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4 reasons why entrepreneurship is important

Source | Entrepreneur : By Rahul Baijal

Entrepreneurs are often thought of as national assets to be refined, motivated and remunerated to the greatest possible extent.

Entrepreneurs can change the way we live and work. If successful, their revolutions may improve our standard of living. In short, in addition to creating wealth from their entrepreneurial ventures, they also create jobs and the conditions for a flourishing society.

Entrepreneurship capital is defined as “a region’s endowment with factors conducive to the creation of new businesses” and it exerts a positive impact on the region’s economic output.

Regions with a higher level of entrepreneurship capital show higher levels of output and productivity, while those lacking entrepreneurship capital have a tendency to generate lower levels of output and productivity.

The impact of entrepreneurship capital is stronger than that of knowledge capital. Evidence indicates that entrepreneurial capital plays a very important role in the production function model presented.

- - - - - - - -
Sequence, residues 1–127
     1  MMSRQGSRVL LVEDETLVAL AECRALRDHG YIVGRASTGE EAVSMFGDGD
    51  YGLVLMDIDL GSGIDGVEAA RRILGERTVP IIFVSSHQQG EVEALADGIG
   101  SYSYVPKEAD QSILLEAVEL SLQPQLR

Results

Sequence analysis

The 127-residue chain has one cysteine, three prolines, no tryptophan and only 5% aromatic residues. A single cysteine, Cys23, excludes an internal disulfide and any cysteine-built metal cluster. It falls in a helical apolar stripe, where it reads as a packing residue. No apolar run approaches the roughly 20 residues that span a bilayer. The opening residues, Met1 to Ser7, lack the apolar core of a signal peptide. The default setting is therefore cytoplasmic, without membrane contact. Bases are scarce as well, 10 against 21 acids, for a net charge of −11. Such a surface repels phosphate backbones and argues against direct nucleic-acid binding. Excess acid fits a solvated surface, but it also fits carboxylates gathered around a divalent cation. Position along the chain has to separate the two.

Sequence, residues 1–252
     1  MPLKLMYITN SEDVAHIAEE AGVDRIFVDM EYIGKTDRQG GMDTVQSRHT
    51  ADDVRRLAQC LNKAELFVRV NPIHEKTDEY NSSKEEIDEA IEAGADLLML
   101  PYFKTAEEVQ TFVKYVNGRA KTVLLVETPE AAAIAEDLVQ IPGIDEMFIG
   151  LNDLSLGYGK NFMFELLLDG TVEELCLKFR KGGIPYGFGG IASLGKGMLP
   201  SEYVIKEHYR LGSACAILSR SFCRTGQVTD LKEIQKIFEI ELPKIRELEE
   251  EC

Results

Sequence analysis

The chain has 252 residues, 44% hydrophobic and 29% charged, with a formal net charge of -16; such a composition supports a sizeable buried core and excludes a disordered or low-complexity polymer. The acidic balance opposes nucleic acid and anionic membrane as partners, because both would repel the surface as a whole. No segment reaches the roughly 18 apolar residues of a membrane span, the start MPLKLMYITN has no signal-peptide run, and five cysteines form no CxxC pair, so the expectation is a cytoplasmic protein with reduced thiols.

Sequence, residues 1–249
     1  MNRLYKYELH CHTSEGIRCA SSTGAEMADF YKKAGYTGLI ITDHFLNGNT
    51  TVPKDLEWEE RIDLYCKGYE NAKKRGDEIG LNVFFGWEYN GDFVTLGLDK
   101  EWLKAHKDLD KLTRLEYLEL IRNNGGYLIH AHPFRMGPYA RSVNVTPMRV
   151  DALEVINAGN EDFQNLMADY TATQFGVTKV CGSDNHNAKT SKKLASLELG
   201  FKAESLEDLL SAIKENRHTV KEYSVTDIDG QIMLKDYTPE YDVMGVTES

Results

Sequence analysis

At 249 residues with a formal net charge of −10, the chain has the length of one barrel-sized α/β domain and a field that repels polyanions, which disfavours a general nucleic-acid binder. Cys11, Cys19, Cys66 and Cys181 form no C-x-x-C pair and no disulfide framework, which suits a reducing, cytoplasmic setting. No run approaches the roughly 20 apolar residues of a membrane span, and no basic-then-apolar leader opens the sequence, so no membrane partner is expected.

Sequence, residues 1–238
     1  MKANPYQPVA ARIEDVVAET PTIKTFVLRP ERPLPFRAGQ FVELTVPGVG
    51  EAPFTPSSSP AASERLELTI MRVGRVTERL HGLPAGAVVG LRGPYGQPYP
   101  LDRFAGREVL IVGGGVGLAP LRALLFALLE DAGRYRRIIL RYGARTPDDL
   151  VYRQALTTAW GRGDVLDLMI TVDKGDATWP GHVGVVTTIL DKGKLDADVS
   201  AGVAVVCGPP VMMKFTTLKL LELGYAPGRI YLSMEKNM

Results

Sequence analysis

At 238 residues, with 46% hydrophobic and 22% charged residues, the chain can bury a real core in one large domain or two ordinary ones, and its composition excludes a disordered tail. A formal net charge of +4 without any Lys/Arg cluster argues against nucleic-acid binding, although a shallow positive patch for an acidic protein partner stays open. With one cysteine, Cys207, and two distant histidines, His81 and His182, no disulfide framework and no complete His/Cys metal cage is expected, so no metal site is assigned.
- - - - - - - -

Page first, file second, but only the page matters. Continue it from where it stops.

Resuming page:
The following are six reasons why entrepreneurship capital is important to the economy:

1. Entrepreneurs Create New Businesses

Path-breaking offerings by entrepreneurs, in the form of new goods and  services, result in new employment, which can produce a cascading effect or virtuous circle in the economy. The stimulation of related businesses or sectors that support the new venture add to further economic development.

For example, a few IT companies founded the Indian IT industry in the 1990s as a backend programmers’ hub. Soon the industry gathered pace in its own programmers’ domain. But more importantly, millions from other sectors benefitted from it.

Businesses in associated industries, like call centre operations, network maintenance companies and hardware providers, flourished. Education and training institutes nurtured a new class of IT workers offering better, high-paying jobs. Infrastructure development organizations and even real estate companies capitalized on this growth as workers migrated to employment hubs seeking new improved lives.

Similarly, future development efforts in underdeveloped countries will require robust logistics support, capital investment from buildings to paper clips and a qualified workforce. From the highly qualified programmer to the construction worker, the entrepreneur enables benefits across a broad spectrum of the economy.

Read On…

 

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